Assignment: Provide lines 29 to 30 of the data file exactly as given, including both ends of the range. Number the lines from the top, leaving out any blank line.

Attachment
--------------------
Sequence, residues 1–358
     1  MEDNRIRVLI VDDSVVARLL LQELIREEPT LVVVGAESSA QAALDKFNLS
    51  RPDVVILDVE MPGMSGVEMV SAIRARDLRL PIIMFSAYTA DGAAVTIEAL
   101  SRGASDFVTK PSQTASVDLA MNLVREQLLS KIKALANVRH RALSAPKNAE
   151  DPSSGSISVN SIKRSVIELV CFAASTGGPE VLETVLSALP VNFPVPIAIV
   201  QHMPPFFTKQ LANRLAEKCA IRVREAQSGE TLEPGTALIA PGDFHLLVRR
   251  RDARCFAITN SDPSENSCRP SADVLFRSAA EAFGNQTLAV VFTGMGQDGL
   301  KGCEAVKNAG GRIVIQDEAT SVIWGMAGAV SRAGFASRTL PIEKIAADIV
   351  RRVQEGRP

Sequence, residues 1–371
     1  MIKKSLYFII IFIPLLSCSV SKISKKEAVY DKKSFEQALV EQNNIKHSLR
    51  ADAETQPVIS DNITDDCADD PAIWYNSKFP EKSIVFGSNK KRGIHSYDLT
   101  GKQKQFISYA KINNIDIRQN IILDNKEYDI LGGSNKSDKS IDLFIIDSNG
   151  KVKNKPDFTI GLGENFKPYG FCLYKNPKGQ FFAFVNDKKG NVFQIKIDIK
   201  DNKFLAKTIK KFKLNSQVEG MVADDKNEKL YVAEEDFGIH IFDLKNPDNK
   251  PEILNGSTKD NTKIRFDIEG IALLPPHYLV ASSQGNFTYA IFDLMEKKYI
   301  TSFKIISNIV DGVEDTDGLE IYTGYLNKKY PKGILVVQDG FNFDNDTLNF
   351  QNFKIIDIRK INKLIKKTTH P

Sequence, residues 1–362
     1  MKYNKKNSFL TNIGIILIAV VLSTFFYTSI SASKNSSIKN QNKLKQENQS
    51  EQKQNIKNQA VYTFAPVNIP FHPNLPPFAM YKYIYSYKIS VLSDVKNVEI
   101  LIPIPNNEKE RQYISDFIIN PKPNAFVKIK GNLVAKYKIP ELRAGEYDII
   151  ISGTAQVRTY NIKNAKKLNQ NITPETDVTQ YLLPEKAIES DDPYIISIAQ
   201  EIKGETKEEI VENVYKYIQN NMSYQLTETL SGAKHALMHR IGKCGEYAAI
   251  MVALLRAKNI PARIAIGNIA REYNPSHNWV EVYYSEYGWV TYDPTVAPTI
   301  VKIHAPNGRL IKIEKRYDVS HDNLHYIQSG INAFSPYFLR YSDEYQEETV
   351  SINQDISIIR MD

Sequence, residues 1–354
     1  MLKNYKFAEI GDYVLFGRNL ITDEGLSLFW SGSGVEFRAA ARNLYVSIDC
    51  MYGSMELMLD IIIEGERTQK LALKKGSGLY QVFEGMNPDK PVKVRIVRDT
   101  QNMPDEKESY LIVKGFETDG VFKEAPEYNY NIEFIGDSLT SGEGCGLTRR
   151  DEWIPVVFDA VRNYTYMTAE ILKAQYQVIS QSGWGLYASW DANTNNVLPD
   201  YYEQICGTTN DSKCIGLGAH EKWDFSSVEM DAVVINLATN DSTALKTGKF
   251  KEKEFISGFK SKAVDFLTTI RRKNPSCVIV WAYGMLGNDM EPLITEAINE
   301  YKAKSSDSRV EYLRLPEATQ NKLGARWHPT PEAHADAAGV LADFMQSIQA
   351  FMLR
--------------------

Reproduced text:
     1  MLKNYKFAEI GDYVLFGRNL ITDEGLSLFW SGSGVEFRAA ARNLYVSIDC
    51  MYGSMELMLD IIIEGERTQK LALKKGSGLY QVFEGMNPDK PVKVRIVRDT